Why Sustainable Packaging is Profitable and Good for the Environment
2019-01-28 11:22 Monday
Although sustainability is becoming an increasingly influential factor for consumers in making purchasing decisions, many enterprises have not fully considered sustainability and recycling when choosing the design, use and packaging for their products, and most packaging is still disposable and non-recyclable.
According to the Ellen MacArthur Foundation, only 14% of plastic packaging used worldwide is recycled. Most troubling is that 40% of waste will end up in landfills and a third in fragile ecosystems such as the ocean. It is projected that by 2050 there may be more plastic in the ocean than fish.
Fortunately, some pioneering organizations are attempting to change this by investing time and resources to develop circular packaging solutions. Unilever notes in an international study that "a third of consumers now choose to buy products that are socially or environmentally beneficial".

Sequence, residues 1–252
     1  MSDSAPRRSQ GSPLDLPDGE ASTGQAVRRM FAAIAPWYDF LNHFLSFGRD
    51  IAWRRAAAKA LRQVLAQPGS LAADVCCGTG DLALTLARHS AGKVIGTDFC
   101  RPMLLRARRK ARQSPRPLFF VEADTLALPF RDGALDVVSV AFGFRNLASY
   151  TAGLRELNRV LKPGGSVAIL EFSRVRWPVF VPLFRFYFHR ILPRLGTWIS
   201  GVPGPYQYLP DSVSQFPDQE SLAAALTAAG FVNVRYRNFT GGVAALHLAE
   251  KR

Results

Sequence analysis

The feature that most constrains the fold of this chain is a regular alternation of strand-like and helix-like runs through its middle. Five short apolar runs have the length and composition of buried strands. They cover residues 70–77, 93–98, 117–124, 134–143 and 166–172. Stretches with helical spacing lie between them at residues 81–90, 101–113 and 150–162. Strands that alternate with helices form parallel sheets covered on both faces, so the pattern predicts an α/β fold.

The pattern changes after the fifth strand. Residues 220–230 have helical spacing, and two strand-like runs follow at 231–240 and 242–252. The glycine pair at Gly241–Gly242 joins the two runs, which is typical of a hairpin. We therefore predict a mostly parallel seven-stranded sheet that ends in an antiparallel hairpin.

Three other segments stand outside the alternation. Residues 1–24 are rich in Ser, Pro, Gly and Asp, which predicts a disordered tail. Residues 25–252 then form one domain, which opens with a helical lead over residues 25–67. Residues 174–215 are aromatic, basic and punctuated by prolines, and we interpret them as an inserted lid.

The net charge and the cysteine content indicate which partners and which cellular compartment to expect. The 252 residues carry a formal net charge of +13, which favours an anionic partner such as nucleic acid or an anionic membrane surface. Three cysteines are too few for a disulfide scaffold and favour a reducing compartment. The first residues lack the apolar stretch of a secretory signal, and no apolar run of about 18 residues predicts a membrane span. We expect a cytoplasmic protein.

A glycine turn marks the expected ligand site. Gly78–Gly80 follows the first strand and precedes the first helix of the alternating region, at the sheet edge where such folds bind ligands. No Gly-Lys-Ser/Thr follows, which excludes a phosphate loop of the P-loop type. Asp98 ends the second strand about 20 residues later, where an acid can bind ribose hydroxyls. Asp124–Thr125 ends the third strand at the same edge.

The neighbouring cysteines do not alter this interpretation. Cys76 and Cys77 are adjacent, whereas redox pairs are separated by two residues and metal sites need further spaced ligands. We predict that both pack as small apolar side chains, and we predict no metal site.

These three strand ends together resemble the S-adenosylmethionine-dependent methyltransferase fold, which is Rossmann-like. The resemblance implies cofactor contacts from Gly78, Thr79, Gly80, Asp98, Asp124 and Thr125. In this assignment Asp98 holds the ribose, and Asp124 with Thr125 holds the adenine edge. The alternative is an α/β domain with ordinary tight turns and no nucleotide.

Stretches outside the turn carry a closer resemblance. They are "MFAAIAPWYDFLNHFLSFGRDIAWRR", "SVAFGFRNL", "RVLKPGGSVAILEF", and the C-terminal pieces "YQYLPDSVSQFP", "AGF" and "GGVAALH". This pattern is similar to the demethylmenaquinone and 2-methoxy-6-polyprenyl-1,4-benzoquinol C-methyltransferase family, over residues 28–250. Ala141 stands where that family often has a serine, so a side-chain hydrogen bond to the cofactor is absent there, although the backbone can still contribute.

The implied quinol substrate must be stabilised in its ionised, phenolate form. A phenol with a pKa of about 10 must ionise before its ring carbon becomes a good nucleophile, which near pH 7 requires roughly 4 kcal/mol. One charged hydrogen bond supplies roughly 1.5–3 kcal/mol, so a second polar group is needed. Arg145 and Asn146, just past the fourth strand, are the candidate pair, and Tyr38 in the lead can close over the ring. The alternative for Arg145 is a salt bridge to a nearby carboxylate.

Some companies are adopting ambitious goals, such as using 100% recycled materials in the production of new packaging.
Indorama Ventures has formed a joint venture with Loop Industries to develop 100% sustainably produced PET resins and polyester fibers using Loop's technology. Commercial production is planned for early 2020.
Procter & Gamble is also reconsidering how to increase the use of recycled plastic -- through internal research and development efforts, it has developed recycling technology for polypropylene plastic to produce a material that could serve as a quality alternative to polypropylene.
Environmental and social benefits are not the only drivers of change -- as leading companies shift their strategies towards sustainable and innovative packaging design, they have successfully opened up new sources of revenue and created unique competitive advantages within their respective industries.